The associations of daylight and melatonin receptor 1B gene rs10830963 variant with glycemic traits: the prospective PPP-Botnia study

Research output: Contribution to journalArticle

Abstract

Background: Seasonal variation in glucose metabolism might be driven by changes in daylight. Melatonin entrains circadian regulation and is directly associated with daylight. The relationship between melatonin receptor 1B gene variants with glycemic traits and type 2 diabetes is well established. We studied if daylight length was associated with glycemic traits and if it modified the relationship between melatonin receptor 1B gene rs10830963 variant and glycemic traits. Materials: A population-based sample of 3422 18–78-year-old individuals without diabetes underwent an oral glucose tolerance test twice, an average 6.8 years (SD = 0.9) apart and were genotyped for rs10830963. Daylight data was obtained from the Finnish Meteorological Institute. Results: Cross-sectionally, more daylight was associated with lower fasting glucose, but worse insulin sensitivity and secretion at follow-up. Longitudinally, individuals studied on lighter days at follow-up than at baseline showed higher glucose values during the oral glucose tolerance test and lower Corrected Insulin Response at follow-up. GG genotype carriers in the rs10830963 became more insulin resistant during follow-up if daylight length was shorter at follow-up than at baseline. Conclusions: Our study shows that individual glycemic profiles may vary according to daylight, MTNR1B genotype and their interaction. Future studies may consider taking daylight length into account.Key messages In Western Finland, the amount daylight follows an extensive annual variation ranging from 4 h 44 min to 20 h 17 min, making it ideal to study the associations between daylight and glycemic traits. Moreover, this allows researchers to explore if the relationship between the melatonin receptor 1B gene rs10830963 variant and glycemic traits is modified by the amount of daylight both cross-sectionally and longitudinally. This study shows that individuals, who participated in the study on lighter days at the follow-up than at the baseline, displayed to a greater extent worse glycemic profiles across the follow-up. Novel findings from the current study show that in the longitudinal analyses, each addition of the minor G allele of the melatonin receptor 1B gene rs10830963 was associated with worsening of fasting glucose values and insulin secretion across the 6.8-year follow-up. Importantly, this study shows that in those with the rs10830963 GG genotype, insulin sensitivity deteriorated the most significantly across the 6.8-year follow-up if the daylight length on the oral glucose tolerance testing date at the follow-up was shorter than at the baseline. Taken together, the current findings suggest that the amount of daylight may affect glycemic traits, especially fasting glucose and insulin secretion even though the effect size is small. The association can very according to the rs10830963 risk variant. Further research is needed to elucidate the mechanisms behind these associations.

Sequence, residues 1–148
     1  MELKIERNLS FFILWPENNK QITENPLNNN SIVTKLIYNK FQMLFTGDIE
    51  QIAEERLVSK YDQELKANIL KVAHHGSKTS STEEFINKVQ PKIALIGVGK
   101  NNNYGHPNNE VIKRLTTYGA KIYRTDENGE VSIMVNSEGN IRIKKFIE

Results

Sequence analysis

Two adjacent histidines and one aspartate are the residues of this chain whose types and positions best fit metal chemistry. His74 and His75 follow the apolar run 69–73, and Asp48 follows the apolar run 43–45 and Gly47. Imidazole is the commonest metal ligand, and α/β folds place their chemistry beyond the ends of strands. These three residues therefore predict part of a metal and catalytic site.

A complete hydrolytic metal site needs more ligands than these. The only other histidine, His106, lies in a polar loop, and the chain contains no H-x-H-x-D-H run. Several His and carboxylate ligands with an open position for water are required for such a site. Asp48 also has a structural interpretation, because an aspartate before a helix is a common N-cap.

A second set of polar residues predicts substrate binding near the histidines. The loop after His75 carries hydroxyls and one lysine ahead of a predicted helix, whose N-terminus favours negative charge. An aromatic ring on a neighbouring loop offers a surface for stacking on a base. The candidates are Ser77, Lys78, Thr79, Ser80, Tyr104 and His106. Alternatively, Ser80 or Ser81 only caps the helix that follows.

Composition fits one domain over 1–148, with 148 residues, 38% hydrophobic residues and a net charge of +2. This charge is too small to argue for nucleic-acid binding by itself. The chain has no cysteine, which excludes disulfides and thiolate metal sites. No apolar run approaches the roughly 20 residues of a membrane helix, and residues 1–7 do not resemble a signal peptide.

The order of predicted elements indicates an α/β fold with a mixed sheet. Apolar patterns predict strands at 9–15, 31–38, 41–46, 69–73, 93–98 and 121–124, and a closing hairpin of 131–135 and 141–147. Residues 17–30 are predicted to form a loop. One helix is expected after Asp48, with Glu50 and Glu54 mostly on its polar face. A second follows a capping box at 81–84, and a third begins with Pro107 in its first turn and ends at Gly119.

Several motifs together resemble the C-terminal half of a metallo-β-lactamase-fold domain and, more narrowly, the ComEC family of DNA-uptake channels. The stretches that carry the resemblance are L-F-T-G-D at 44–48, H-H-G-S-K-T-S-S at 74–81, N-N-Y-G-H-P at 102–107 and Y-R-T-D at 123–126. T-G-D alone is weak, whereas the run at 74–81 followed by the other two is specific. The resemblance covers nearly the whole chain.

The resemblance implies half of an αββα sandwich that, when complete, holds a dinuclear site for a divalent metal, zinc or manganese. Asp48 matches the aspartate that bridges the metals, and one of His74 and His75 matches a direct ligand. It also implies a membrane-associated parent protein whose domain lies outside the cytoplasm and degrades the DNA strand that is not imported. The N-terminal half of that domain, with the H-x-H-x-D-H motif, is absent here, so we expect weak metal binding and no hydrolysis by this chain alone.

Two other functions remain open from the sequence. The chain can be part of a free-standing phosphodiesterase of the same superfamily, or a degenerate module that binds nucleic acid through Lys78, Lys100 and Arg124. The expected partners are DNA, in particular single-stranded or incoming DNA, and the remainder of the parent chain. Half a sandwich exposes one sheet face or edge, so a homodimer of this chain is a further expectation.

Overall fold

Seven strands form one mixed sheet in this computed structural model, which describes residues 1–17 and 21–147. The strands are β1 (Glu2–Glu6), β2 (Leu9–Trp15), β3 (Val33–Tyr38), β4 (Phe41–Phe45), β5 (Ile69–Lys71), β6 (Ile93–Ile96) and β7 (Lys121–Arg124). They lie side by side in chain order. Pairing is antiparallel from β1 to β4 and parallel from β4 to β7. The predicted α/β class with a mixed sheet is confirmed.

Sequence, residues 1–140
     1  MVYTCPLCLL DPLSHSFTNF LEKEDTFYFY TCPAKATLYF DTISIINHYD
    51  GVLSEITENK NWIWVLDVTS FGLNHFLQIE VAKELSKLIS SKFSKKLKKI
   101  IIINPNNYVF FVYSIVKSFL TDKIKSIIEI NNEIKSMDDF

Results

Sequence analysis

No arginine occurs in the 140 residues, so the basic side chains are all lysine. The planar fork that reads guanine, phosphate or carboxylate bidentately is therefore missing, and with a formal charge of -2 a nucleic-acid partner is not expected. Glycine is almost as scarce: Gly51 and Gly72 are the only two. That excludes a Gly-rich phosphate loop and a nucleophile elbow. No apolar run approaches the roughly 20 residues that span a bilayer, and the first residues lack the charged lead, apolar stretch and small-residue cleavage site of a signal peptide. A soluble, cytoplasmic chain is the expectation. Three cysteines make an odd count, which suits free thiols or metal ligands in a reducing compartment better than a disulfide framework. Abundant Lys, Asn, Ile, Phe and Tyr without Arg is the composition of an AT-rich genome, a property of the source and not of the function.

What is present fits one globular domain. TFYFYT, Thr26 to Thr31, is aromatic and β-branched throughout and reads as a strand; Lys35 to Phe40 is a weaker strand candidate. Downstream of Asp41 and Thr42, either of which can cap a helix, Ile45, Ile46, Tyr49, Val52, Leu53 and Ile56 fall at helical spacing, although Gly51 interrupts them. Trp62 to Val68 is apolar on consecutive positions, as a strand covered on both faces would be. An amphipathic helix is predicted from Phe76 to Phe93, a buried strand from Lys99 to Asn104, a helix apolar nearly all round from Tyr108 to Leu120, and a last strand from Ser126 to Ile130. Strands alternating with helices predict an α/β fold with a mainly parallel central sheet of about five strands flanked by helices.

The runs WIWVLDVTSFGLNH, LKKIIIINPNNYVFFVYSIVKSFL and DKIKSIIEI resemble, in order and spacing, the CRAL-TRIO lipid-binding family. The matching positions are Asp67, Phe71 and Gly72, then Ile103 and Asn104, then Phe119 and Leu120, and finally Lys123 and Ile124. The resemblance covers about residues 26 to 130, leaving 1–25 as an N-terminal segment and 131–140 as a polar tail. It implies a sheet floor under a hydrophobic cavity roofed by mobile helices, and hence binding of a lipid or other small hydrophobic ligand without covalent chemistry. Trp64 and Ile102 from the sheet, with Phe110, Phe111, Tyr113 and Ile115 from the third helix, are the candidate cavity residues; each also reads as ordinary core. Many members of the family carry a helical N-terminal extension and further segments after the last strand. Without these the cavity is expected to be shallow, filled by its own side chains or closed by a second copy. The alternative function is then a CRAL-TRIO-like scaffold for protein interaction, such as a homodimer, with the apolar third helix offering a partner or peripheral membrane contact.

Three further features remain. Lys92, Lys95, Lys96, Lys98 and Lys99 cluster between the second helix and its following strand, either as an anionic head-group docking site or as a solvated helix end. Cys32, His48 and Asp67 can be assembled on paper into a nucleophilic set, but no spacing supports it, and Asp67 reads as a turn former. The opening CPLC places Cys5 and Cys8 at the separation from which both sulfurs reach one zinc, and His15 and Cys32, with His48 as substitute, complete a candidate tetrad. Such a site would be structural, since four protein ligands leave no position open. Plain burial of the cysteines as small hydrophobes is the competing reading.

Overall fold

Details

Authors
  • Kadri Haljas
  • Liisa Hakaste
  • Jari Lahti
  • Bo Isomaa
  • Leif Groop
  • Tiinamaija Tuomi
  • Katri Räikkönen
Organisations
External organisations
  • University of Helsinki
  • Helsinki University Central Hospital
  • Folkhälsan
  • Department of Social Services and Health Care, Jakobstad
Research areas and keywords

Subject classification (UKÄ) – MANDATORY

  • Endocrinology and Diabetes

Keywords

  • daylight, Diabetes, glycemic traits, insulin sensitivity and resistance, melatonin; MTNR1B, seasonality
Original languageEnglish
JournalAnnals of Medicine
Publication statusE-pub ahead of print - 2019 Feb
Publication categoryResearch
Peer-reviewedYes